The priority detected by Survature is by way of capturing respondents’ top-down attention. In some contexts, top-down attention is also called as goal-directed attention or selective attention. There are many science literature on that topic. Stated simply, the theory of top-down attention says that the first things we attend to are those that are the most relevant or important to us at the moment of attention. The AnswerCloud interface looks very simple and straightforward. However, even though we were guided by that mature science, and we have combined expertise of psychology, school of design, and computer science, the design process was not straightforward at all. The following are things we would recommend that you keep in mind when using the AnswerCloud.
Group, Not Individual
The priority detected by AnswerCloud is on a group basis (i.e. “group saliency”), not on a per individual basis. Especially in a scalable online setting, all of the known tools to get at an individual’s psychology tend to have very low reliability. For example, the well-known Myers-Briggs personality type classification based on an online questionnaire is not reliable. As shown on its Wikipedia page, between 39% - 76% of respondents get different personality classifications if they retake the questionnaire in just 5 weeks.
From that respect, AnswerCloud’s promise is much more modest, and more similar to most data science approaches, where our goal is to understand a group of people at a deeper level. Specifically for Survature, we need the group size to be 25-30 people to be statistically meaningful. Of course, using Survature’s full automated analytics tools, you can cut and dice the data very flexibly, and in essence (re)define the group any way you want. Nonetheless, this kind of flexibility and power should not be confused in any way with the limitation set by group size.
Sometimes we get user-support questions in a context like the following: “Can you tell us about this crucial customer's priorities based on the data?” The answer is: no, we can’t tell much about one person. If that person is so important, having a one-on-one conversation is your best solution.
“A Priority for Me?”
The word saliency in “group saliency” can be interpreted in many ways. Examples include confidence, certainty, familiarity, affinity (or the lack of affinity), emotional attachment, etc. In other words, the most relevant thing can be relevant to us for different reasons. Of course, the most common thinking of a business provider can be that if this is important to my customer, it must be a priority for me. That is usually true, but note there are other types of use.
The exact interpretation of “priority” requires knowing (1) whether this is assessing the past or anticipating the future, and (2) who the respondents are assessing: someone else, or themselves and their own organization. Much of the following has to do with the two-dimensional priority space, where the vertical axis is the priority and the horizontal axis is the explicit rating. Note: there are 20+ different kinds of ratings scale you can use in an AnswerCloud, for more detail please see this help page.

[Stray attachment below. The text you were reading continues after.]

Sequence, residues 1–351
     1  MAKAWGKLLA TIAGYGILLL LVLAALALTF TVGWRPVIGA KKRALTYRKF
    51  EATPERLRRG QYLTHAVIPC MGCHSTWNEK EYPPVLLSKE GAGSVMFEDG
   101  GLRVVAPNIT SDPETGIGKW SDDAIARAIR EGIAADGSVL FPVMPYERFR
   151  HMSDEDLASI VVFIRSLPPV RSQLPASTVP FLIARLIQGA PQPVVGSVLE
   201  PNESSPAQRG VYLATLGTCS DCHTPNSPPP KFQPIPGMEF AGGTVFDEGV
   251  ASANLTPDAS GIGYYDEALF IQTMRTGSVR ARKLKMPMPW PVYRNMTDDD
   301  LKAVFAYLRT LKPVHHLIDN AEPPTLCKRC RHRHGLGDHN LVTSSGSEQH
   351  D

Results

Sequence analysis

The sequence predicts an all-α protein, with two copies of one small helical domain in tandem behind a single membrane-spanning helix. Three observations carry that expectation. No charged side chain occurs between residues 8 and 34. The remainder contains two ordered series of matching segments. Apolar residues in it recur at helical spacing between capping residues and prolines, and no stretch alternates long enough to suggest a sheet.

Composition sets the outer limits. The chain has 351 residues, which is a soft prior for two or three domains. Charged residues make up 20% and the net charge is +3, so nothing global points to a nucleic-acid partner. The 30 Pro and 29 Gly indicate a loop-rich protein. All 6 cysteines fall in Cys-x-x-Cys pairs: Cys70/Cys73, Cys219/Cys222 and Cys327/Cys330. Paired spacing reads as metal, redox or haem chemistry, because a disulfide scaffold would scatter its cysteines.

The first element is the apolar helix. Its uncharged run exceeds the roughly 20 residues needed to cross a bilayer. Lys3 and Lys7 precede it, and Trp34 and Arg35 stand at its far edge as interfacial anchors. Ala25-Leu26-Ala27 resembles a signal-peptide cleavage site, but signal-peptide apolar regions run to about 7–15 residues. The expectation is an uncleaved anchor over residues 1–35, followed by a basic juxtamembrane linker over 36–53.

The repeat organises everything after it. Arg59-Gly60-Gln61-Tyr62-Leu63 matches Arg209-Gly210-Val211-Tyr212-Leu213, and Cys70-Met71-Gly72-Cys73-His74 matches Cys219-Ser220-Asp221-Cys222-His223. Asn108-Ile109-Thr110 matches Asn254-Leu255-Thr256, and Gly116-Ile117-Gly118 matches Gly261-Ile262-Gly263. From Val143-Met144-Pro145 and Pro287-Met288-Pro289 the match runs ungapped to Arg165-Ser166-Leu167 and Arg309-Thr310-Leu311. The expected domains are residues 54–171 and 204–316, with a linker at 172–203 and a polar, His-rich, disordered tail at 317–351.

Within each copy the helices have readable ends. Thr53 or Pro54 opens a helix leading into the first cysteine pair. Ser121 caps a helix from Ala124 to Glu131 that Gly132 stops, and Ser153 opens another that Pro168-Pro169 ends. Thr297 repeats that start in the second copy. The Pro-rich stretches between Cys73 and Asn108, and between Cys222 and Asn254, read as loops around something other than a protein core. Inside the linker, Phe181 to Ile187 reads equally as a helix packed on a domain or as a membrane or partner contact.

Case 1. One of the most common examples is for customer satisfaction. For example, you just conducted an internal audit of your risk management division. You want to ask about the operational aspect of your IA process, how the auditors did as a business partner and advisor, … Or, you manage a long-term supply chain partnership, there was a lot of changes implemented in Q4, now you need to know what’s working, what’s not, … All of these settings are people assessing someone else about something that has happened. In these cases, the priorities discovered by AnswerCloud tell “this matters most to the customer”. Assuming that you really want to serve them, what matters to them matters to you. Thereby, the priority dimension of theirs is the same as yours. This is what we call “A Priority for Me”. “Me” being the service provider.
Case 2. Say, you run a geographically distributed B2B sales team. You want the sales team to evaluate the ongoing marketing efforts, … In this setting, it’s actually a self evaluation. The priorities as revealed by the AnswerCloud is still the “group saliency” of the sales team. However, it’s unlikely that the priority dimension is about what the sales team wants. Usually, it’s instead certainty, i.e. the sales team has a very “sure” opinion about each item in your marketing efforts. If they rate your “newsletter” at a “Not Effective” score but as a number one priority, it doesn’t mean that they want more of the “newsletter”. It means they are really sure that your “newsletter” is “not effective”. There are things that rank below the fold (in the lower half) of the two-dimension priority space. People actually are sure whether those things have worked or not. By that token, people probably didn’t have much impression about those things, which is also not good for a marketing effort. Regardless, in this case, the priority dimension does not mean “I want this”. It means “We are sure that this thing is [Not Effective / Effective] etc.”